1. Slice the green tomatoes in half (for full-sized tomatoes, quarter them instead of halving them)
  2. Pack the jar tightly with all the tomatoes leaving at least two inches of space at the top of the jar
  3. Add all other ingredients on top of tomatoes
  4. Dissolve salt in 2 cups warm water in a separate container
  5. Pour salt water over all ingredients into the jar
  6. Fill the jar with the remaining 4 cups of water leaving no less than 1 inch at the top for gas and ensuring that the veggies are completely submerged in the liquid -- this is important. If you need to put something heavy on top to weigh down the veggies waiting to be pickled, do it.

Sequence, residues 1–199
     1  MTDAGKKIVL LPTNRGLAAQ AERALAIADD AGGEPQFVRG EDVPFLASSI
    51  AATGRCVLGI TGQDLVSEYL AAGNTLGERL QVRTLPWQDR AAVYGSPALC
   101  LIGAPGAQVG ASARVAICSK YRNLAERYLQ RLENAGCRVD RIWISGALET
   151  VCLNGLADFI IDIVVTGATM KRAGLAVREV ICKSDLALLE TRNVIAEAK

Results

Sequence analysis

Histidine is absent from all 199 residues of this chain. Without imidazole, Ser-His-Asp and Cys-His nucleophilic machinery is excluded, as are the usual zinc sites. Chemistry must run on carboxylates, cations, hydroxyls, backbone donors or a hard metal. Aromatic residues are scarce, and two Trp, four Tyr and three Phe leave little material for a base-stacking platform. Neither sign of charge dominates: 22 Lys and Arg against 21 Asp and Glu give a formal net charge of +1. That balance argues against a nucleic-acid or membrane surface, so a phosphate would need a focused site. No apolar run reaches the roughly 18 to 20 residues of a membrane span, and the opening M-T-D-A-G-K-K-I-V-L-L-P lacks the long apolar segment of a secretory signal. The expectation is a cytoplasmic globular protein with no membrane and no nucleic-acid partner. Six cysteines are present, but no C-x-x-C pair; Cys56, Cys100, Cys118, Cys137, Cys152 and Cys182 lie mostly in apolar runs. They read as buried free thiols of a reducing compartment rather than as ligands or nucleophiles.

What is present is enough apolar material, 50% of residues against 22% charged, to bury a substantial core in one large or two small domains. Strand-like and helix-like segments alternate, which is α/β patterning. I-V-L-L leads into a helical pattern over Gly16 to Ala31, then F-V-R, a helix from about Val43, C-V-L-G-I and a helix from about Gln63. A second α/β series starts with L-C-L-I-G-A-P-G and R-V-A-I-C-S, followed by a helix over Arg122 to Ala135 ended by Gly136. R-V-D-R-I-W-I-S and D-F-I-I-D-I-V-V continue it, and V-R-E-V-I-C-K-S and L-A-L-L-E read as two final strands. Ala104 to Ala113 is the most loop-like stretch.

7. Seal tightly and leave on the counter at room temperature for 3 to 5 days (check at 24 hours for sliced cucumbers)
  8. You want the tomatoes to be firm but pickled all the way through (not mushy). When they are to your liking, refrigerate them and they will keep indefinitely
  1. BE CAREFUL when you open the jar for the first time. Gas can build up and create some effervescence as the bacteria do their thing.
Cultivated Wellbeing http://cultivatedwellbeing.com/

Why Gut Health Matters: Your Gate Keeper

In researching and writing this series, I recognize the challenge I face in cleanly separating the interrelated subtopics I laid out last week. So I’m taking one step back to explain the role of the gut as “Gate Keeper” before jumping into the rest. Giving you this visual aid will help you understand the interconnectivity of everything that happens inside our digestive tract with respect to our health, and it will also impress upon you the importance of keeping the gut lining intact.